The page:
Re: [Linaro-mm-sig] [PATCH 4/8] dma-buf: add peer2peer flag
From: Daniel Vetter
Date: Wed Apr 25 2018 - 02:23:27 EST
On Wed, Apr 25, 2018 at 8:13 AM, Daniel Vetter <daniel@xxxxxxxx> wrote:
> On Wed, Apr 25, 2018 at 7:48 AM, Christoph Hellwig <hch@xxxxxxxxxxxxx> wrote:
>> On Tue, Apr 24, 2018 at 09:32:20PM +0200, Daniel Vetter wrote:
>>> Out of curiosity, how much virtual flushing stuff is there still out
>>> there? At least in drm we've pretty much ignore this, and seem to be
>>> getting away without a huge uproar (at least from driver developers
>>> and users, core folks are less amused about that).
>> As I've just been wading through the code, the following architectures
>> have non-coherent dma that flushes by virtual address for at least some
>> - arm , arm64, hexagon, nds32, nios2, parisc, sh, xtensa, mips,
>> These have non-coherent dma ops that flush by physical address:
>> - arc, arm , c6x, m68k, microblaze, openrisc, sparc
>> And these do not have non-coherent dma ops at all:
>> - alpha, h8300, riscv, unicore32, x86
>>  arm Ñeems to do both virtually and physically based ops, further
>> audit needed.
>> Note that using virtual addresses in the cache flushing interface
>> doesn't mean that the cache actually is virtually indexed, but it at
>> least allows for the possibility.
>>> > I think the most important thing about such a buffer object is that
>>> > it can distinguish the underlying mapping types. While
>>> > dma_alloc_coherent, dma_alloc_attrs with DMA_ATTR_NON_CONSISTENT,
>>> > dma_map_page/dma_map_single/dma_map_sg and dma_map_resource all give
>>> > back a dma_addr_t they are in now way interchangable. And trying to
>>> > stuff them all into a structure like struct scatterlist that has
>>> > no indication what kind of mapping you are dealing with is just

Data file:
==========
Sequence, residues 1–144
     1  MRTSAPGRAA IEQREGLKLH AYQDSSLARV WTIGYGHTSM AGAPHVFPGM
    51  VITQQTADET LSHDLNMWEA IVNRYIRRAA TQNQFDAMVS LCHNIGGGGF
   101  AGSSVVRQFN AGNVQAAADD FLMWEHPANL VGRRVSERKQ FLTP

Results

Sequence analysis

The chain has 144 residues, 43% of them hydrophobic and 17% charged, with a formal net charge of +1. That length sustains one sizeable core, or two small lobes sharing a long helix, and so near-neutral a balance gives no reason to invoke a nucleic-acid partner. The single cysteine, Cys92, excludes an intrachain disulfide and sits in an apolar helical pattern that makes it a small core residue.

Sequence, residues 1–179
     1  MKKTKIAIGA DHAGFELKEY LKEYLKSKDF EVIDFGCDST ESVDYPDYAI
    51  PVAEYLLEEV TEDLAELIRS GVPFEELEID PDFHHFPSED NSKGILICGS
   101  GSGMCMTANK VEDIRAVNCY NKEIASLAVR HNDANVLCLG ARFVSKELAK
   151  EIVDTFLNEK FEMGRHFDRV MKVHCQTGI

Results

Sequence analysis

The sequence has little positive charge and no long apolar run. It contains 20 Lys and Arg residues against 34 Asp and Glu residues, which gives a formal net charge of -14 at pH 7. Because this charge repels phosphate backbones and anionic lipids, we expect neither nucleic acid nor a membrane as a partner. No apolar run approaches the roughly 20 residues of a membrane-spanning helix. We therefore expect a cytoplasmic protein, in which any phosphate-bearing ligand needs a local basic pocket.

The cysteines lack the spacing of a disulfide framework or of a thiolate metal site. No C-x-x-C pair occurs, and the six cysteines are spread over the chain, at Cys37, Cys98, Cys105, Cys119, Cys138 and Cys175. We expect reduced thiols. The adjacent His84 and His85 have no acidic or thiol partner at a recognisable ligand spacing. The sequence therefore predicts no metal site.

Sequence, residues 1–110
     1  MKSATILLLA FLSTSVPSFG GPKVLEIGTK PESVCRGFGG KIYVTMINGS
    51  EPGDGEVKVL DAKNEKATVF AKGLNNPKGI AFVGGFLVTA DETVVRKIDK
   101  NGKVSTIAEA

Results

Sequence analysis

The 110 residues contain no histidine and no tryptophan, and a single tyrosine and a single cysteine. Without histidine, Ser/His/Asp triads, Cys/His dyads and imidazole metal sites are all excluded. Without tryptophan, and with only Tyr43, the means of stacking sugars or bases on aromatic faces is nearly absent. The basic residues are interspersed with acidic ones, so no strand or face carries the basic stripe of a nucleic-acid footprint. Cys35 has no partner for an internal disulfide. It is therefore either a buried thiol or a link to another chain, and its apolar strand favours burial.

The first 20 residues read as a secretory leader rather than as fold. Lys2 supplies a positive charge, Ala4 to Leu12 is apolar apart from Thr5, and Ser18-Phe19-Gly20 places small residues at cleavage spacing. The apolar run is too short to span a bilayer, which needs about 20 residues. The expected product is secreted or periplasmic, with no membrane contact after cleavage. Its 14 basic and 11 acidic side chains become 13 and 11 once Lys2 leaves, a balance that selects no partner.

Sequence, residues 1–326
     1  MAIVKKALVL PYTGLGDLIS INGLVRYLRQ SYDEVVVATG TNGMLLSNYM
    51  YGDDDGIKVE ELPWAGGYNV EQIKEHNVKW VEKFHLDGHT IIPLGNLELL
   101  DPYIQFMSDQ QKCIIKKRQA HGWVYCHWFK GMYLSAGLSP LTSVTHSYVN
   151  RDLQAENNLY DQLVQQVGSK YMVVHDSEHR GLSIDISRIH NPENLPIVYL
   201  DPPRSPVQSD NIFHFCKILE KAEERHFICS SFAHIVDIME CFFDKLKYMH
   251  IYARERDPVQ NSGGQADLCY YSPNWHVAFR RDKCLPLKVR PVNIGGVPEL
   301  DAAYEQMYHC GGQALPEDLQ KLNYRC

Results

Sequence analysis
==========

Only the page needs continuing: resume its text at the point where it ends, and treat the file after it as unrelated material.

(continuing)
>>> > asking for trouble.
>>> Well the idea was to have 1 interface to allow all drivers to share
>>> buffers with anything else, no matter how exactly they're allocated.
>> Isn't that interface supposed to be dmabuf? Currently dma_map leaks
>> a scatterlist through the sg_table in dma_buf_map_attachment /
>> ->map_dma_buf, but looking at a few of the callers it seems like they
>> really do not even want a scatterlist to start with, but check that
>> is contains a physically contiguous range first. So kicking the
>> scatterlist our there will probably improve the interface in general.
> I think by number most drm drivers require contiguous memory (or an
> iommu that makes it look contiguous). But there's plenty others who
> have another set of pagetables on the gpu itself and can
> scatter-gather. Usually it's the former for display/video blocks, and
> the latter for rendering.
For more fun:
Yeah, sometimes we want to disable the iommu because the on-gpu
pagetables are faster ...
>>> dma-buf has all the functions for flushing, so you can have coherent
>>> mappings, non-coherent mappings and pretty much anything else. Or well
>>> could, because in practice people hack up layering violations until it
>>> works for the 2-3 drivers they care about. On top of that there's the
>>> small issue that x86 insists that dma is coherent (and that's true for
>>> most devices, including v4l drivers you might want to share stuff
>>> with), and gpus really, really really do want to make almost
>>> everything incoherent.
>> How do discrete GPUs manage to be incoherent when attached over PCIe?
> It has a non-coherent transaction mode (which the chipset can opt to
> not implement and still flush), to make sure the AGP horror show
> doesn't happen again and GPU folks are happy with PCIe. That's at
> least my understanding from digging around in amd the last time we had
> coherency issues between intel and amd gpus. GPUs have some bits
> somewhere (in the pagetables, or in the buffer object description
> table created by userspace) to control that stuff.
> For anything on the SoC it's presented as pci device, but that's
> extremely fake, and we can definitely do non-snooped transactions on
> drm/i915. Again, controlled by a mix of pagetables and
> userspace-provided buffer object description tables.
> Daniel Vetter
> Software Engineer, Intel Corporation
> +41 (0) 79 365 57 48 - http://blog.ffwll.ch
Software Engineer, Intel Corporation
+41 (0) 79 365 57 48 - http://blog.ffwll.ch